Emilie Dotte – I feel like, I know, what could be considered a lot, but in comparison to everything we don’t know. Yeah, it’s it’s still very small, like, and especially archaeology, because it’s I always say it’s a bit like a big puzzle, where you have only a few of the pieces of the puzzles, and a lot of them are missing. And you have to create your understanding of the story of the past with only these little pieces. And sometimes new pieces will come and it will change the whole story. But that’s what is exciting, I guess, about it.

Rose Kerr – Does that happen often, that the whole story changes?

Emilie Dotte – I don’t think it happens that often. But it does happen, you know, in every generation of archaeologists. So that’s probably fairly often in itself.

Rose Kerr – It’s kind of exciting.

Emilie Dotte – Yeah.

Rose Kerr – Keeps it keeps it fresh.

Emilie Dotte – Yes.

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Rose Kerr – I’ve read a little bit about your Pacific Matildas project. Could you explain that to us a little bit more?

Emilie Dotte – Yes. So it’s a new project. And it’s another side of my research, which is not about applying archaeology, but about understanding our discipline, by understanding its history. And so how archaeology developed as a western science, especially how it was applied in the Pacific and Australia. And so I’ve been working on this for the past five years. And by working on this project, it became very evident that it was a lot more difficult to find information about the first women who were archaeologist or before you called them archaeologists. So I thought we really needed to develop a specific project to spend time, first of all looking for these women in the archives, and then also how to tell their stories, because actually, some of these women are present in the archives. It’s not even that they’re not represented in the historical documents. But their stories kind of became erased of the narratives that we tell each other about the way that our discipline developed. And there are lots of reasons for that, not just the fact that, you know, we like to forget women, it’s also because they had less rights, for example. So it was harder for them to access diplomas and to access actual positions, professional positions, or to sign for example, as authors on works that they have been doing with their husbands very often. And so that means that the generation after them would quickly forget their contribution, even though a lot of them were quite well recognized by their colleagues, and all the male colleagues who had a better reputation. They would all recognize the work done by these women collaborators, but it’s after that they kind of disappeared from the narratives.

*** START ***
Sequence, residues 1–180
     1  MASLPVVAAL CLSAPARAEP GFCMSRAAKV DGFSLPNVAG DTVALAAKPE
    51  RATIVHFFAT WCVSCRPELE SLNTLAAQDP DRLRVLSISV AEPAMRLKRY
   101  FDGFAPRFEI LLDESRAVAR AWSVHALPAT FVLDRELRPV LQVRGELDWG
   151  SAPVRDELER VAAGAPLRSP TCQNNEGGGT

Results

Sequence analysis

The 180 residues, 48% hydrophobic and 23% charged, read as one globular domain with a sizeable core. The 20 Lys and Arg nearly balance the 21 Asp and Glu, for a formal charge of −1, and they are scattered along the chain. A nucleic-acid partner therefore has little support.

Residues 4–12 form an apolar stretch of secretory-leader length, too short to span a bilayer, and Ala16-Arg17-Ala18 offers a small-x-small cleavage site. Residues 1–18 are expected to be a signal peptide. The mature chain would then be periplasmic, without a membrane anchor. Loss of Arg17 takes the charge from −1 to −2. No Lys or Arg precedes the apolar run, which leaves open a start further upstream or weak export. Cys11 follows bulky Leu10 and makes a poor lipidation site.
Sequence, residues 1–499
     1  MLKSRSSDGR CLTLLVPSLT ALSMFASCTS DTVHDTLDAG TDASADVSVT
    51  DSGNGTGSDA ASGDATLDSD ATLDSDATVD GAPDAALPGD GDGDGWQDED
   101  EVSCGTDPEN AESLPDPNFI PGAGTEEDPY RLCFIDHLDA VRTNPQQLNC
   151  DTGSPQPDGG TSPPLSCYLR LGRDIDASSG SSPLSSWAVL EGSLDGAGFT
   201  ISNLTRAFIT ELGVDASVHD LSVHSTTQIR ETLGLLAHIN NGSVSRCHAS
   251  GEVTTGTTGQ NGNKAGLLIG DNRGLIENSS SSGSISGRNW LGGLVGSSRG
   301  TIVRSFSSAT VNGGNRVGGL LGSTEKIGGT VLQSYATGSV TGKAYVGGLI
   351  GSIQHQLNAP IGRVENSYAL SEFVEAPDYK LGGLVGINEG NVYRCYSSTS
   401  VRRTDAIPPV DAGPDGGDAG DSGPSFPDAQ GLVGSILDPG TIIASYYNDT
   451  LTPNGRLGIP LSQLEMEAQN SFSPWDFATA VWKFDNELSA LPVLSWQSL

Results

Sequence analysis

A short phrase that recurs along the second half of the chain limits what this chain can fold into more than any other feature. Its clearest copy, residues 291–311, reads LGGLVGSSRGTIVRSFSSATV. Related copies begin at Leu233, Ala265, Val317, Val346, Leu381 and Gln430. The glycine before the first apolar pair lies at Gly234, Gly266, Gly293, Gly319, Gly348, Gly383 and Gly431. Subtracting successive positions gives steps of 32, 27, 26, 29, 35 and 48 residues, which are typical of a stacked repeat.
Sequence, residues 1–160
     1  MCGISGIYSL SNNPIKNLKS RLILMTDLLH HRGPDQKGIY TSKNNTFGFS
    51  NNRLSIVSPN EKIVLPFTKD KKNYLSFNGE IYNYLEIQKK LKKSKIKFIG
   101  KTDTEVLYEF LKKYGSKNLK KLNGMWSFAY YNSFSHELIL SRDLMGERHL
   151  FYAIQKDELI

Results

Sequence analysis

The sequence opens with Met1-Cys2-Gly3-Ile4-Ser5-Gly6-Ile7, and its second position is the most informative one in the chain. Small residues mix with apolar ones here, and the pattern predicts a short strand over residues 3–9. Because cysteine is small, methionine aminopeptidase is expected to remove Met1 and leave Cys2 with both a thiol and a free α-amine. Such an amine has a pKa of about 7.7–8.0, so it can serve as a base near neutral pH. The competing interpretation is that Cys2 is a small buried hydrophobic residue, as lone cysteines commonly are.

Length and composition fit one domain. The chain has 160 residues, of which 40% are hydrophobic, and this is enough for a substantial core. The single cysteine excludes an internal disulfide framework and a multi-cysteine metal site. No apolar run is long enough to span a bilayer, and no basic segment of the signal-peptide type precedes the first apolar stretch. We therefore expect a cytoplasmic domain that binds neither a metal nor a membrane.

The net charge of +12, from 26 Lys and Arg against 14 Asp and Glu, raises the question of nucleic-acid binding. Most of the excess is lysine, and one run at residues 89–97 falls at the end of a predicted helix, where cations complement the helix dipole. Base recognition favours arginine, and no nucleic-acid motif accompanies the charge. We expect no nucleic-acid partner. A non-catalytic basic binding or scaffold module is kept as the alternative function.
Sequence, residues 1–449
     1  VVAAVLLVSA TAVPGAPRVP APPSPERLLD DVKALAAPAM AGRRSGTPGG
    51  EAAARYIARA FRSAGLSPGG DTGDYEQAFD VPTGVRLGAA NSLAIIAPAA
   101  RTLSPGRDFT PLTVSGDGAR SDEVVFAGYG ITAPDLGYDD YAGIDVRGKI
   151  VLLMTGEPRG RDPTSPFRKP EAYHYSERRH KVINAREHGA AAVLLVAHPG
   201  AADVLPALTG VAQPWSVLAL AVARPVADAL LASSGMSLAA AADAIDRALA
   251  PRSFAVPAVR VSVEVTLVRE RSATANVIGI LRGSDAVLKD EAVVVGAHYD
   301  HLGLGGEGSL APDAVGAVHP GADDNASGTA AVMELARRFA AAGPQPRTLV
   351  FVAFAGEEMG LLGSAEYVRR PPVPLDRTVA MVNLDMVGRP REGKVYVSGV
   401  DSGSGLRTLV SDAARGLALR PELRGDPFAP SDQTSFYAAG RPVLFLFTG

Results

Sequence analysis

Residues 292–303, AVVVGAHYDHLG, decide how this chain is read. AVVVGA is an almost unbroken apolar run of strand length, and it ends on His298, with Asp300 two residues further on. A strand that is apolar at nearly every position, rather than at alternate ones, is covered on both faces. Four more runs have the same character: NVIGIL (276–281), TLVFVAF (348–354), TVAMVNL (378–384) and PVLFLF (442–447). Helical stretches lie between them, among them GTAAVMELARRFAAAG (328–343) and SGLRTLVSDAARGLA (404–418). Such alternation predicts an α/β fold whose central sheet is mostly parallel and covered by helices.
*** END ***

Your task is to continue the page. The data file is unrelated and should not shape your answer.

Rose Kerr – Why do you think it’s important that we recognize them now?

Emilie Dotte – Well, because they played a role in the development of our science, and they had an influence on the way that we’re working today. But also, as today, for example, I became an archaeologist. And today there are a lot more women than men as students in archaeology, which is an interesting change of demographic, but you don’t have any role model of women in the past, because all the names that we keep learning about are all these important men in our history. So you need to also have, I think this story is about what you know women did and how they managed to do it, or how it was, you know, they had to go through some specific struggles. And also, by looking at these kind of, you know, hidden figures, it directly brings you to also the role of hidden Indigenous collaborators, who were, you know, very often experts in their communities about the past of these communities. So it also brings you to other type of fears that also needs to be represented again, in these stories.

Rose Kerr – Yeah. And hopefully, I imagine by going back and recognizing those people, we can encourage the same kind of balance now.

Emilie Dotte – Yes, of course, it will yeah hopefully have an impact on having a more equitable type of development and relationships in the science that we do today, especially in you know, regions like Australia and the Pacific Islands.

Rose Kerr – How do you think we can get more diversity in science?

Emilie Dotte – Well, first of all, by having these type of stories with a more diverse type of role models, but then also, using these stories to, I guess, understand what worked and what didn’t work, and how we can try to develop better dynamics and change the way that we consider science to be done. And with more discussion, basically, with different kinds of people involved in the work and the communities that you work with, for example.